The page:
Mr Barker said this was already being done in a number of the villages, and he had hopes that most of the districts would be able to raise sufficient money to provide for their own village men. He referred to the excellent support being given by Messrs Greaves, Bull, and Lakin, at Harbury, who were providing for four men ; the employees at Messrs Bluemel Bros, of Wolston, who were also providing for four of their men ; and the excellent support that was being given by the employees at the L & N.-W Railway in maintaining five of their former workmates. He should like to see similar enthusiasm from other sources, which would go far to relieving the strain on the fund. One or two of the people had undertaken to pay the full cost of their relatives’ food parcels, and others had promised varying amounts, but unfortunately there were many cases where the Committee could not expect any financial support.

Mr Pepper said there was some doubt as to the genuineness of certain persons collecting for the funds and in reply Mr Barker said that every collecting box issued bore the authorised label of the Committee and the name and address of the collector. The collecting cards were also specially printed and numbered, and had the name and address of the authorised collector. Any person collecting without the special box or card was unauthorised, and he would be glad to have particulars of any such cases that came to the knowledge of the members of the Committee or the public.

ROAD TRANSPORT BOARD.

A preliminary meeting of the Warwickshire County Area Road Transport Committee, which has recently been inaugurated by the Board of Trade, was held at the office of the area secretary, Mr S L Wansbrough, 33 Earl Street, Coventry, when duly appointed members from various parts of the county were in attendance. The committee’s operations practically cover the whole of the County of Warwickshire, excluding Birmingham.

Briefly, the main objects of this committee is to secure the strictest economy in the use of petrol and horse fodder. In order to effect this object all petrol-driven vehicles and all horse-driven good-carrying conveyances (carrying capacity over 15cwt) will be compulsorily registered and permits issued for their use. Very wide powers under the Defence of the Realm Act are vested in the Road Transport Board, and any breach of regulations issued by them will entail heavy penalties.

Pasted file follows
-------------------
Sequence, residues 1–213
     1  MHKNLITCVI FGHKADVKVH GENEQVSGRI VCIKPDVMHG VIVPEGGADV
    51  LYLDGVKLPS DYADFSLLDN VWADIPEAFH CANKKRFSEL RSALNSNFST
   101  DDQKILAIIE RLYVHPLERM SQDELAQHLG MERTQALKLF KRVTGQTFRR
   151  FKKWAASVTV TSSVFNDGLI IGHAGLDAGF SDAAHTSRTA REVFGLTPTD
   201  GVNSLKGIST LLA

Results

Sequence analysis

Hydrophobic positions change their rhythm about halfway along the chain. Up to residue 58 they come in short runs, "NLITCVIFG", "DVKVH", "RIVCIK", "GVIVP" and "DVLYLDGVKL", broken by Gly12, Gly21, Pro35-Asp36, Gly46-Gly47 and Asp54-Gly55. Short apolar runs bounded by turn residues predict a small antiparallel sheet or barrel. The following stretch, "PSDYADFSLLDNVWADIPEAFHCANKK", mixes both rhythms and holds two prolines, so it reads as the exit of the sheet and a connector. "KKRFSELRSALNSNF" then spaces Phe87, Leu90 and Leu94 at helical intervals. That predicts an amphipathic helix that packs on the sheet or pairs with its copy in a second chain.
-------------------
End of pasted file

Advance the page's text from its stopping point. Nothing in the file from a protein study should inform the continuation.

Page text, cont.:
The Road Transport Board is anxious to avoid, wherever possible, putting their powers into force, but will not hesitate to do so in case of necessity. The Warwickshire County Area Road Transport Committee, therefore, invite traders to establish such co-ordination and co-operation in transport as will, if not entirely banish the considerable amount of overlapping and running empty which unfortunately now prevails, at least reduce it to the minimum possible. The powers of the Board will be used to enforce, it necessary, any scheme of co-operation for the economy of transport which has already been voluntarily adopted by the majority of members of any one trader or group of traders.

When it is thoroughly understood that this is a highly important war measure, aiming at a decreased consumption of petrol and the avoidance of the unnecessary use of fodder by reducing the number of horses on the road, there will, doubtless, be a ready desire by all traders to come into line and assist the committee and their secretary in every way possible.

Under the auspices of local tribunals various schemes are now being brought into existence with the object of preserving the businesses of those traders who have been, or may be, called to the Colours, and, inasmuch as delivery is often an essential part at such businesses, the Warwickshire County Area Committee will co-operate with all tribunals now engaged on similar work in order that traders may be spared from overlapping of authorities and that tribunals and the committee may join in exercising their powers for the general good.

THE “ RUGBY ADVERTISER.”

Readers of the Rugby Advertiser should place a regular order for the paper with their newsagent if they have not already done so, as newsagents will not now have supplies for chance customers. If any difficulty is experienced in obtaining the paper, kindly communicate with the Manager, Advertiser Office, Rugby.

DEATHS.